Is this the year lawmakers will take chance on lottery?

Published 6:00 am Monday, January 24, 2005

With Mississippi in dire budgetary straits, some are againfloating the idea of a statewide lottery.

State Rep. Alyce Clarke, D-Jackson, introduced a bill last weekto institute a lottery, reasoning that many of the state’sresidents already are buying tickets in Louisiana and Georgia- neighboring states that have lotteries – and Mississippi islosing out on that money.

Keep the money in the state and help heal financial wounds atthe same time. Sounds simple enough.

But there’s nothing simple about it. Mississippi lawmakers havetoyed with the idea of a state lottery since at least the 1980s,but there have never been enough votes to pass it in theLegislature, due in no small part to opposition from religiousgroups and casinos – an odd pairing to be sure, but both groupswith plenty to lose should the state enter the lottery game.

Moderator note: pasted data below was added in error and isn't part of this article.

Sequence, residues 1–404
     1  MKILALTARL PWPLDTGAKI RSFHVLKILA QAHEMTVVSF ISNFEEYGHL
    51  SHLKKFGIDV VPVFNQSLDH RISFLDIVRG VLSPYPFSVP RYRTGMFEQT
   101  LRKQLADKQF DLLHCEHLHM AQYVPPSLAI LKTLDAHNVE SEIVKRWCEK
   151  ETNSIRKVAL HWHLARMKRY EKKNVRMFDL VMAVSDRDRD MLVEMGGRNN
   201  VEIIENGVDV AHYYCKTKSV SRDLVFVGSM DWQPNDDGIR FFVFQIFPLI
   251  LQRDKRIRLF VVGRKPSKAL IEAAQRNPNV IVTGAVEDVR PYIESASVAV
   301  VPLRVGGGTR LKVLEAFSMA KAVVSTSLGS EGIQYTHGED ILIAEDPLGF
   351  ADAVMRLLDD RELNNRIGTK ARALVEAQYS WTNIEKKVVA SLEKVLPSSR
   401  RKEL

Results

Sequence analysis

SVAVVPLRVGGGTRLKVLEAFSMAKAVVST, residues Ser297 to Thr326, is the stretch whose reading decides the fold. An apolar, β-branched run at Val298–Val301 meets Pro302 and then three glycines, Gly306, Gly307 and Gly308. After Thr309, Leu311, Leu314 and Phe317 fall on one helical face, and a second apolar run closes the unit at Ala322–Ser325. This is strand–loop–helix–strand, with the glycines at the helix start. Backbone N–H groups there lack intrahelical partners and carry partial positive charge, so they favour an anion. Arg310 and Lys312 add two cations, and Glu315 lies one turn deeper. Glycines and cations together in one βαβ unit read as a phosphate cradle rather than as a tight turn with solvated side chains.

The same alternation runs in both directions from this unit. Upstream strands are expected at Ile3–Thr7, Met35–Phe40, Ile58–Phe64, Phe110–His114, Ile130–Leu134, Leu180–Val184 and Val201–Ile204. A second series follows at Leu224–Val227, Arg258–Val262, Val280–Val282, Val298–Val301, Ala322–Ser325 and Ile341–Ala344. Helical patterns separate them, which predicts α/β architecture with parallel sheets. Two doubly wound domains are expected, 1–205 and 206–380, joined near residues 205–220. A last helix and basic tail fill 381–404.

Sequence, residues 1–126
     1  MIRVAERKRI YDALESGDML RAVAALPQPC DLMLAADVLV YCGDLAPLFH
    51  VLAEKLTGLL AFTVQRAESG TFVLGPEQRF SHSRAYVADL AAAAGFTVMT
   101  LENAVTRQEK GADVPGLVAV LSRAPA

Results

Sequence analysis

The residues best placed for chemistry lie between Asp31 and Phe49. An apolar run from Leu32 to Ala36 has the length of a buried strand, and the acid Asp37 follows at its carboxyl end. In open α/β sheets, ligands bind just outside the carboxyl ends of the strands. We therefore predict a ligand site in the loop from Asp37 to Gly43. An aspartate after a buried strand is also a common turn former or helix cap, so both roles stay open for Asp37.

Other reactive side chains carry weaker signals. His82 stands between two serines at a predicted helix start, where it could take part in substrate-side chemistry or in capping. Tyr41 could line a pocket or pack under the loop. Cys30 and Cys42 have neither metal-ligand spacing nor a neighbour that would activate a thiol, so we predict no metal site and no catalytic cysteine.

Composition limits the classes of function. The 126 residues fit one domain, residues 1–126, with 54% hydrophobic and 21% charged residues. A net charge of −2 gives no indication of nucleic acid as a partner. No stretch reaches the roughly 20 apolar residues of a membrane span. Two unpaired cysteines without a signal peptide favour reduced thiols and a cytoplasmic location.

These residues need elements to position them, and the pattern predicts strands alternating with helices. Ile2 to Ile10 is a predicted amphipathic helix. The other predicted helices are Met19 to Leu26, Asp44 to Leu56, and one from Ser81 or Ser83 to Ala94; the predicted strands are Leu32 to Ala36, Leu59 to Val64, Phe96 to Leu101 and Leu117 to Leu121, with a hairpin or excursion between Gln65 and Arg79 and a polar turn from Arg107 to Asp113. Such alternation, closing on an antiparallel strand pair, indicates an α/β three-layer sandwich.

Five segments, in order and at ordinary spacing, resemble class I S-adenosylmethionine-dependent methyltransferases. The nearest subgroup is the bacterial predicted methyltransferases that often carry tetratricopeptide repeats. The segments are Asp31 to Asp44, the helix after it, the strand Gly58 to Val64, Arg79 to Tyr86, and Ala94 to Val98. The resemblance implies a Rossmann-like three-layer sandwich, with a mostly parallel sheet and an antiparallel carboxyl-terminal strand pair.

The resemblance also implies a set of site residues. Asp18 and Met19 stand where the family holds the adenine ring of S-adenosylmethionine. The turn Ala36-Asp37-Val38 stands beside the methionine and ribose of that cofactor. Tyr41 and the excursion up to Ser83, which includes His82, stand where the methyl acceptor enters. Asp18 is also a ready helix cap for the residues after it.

When considering a lottery, there is, of course, money to bemade, and Mississippi can use all it can get. But there is also thesocial implications of a lottery to consider – chief among themthat those who can least afford to play often spend the most.

Should it come to the point where a lottery is seriouslyconsidered, lawmakers and the public must take into account thatwhile lifting the state’s coffers, the game of chance could alsolower some of the state’s most vulnerable deeper into poverty.

Whatever is ultimately decided, two things are certain: First,if a lottery comes to be, the proceeds must be directed towardeducation and other specified areas, not tossed into the state’sgeneral fund for lawmakers to use, at will, for the spending-spreeproject du jour.

Second, if there is to be a lottery, that should be decideddirectly by the voters of Mississippi, not by lawmakers. An issueas controversial as legalized gambling, in any form, is best leftto the people.

Of course, all the controversy may be for naught – at least forthis year – as lawmakers in both the House and Senate predict the alottery would not have enough support to clear the Legislature.However, as lawmakers get further into the session and the entirebudget picture is clearly revealed, all bets are off.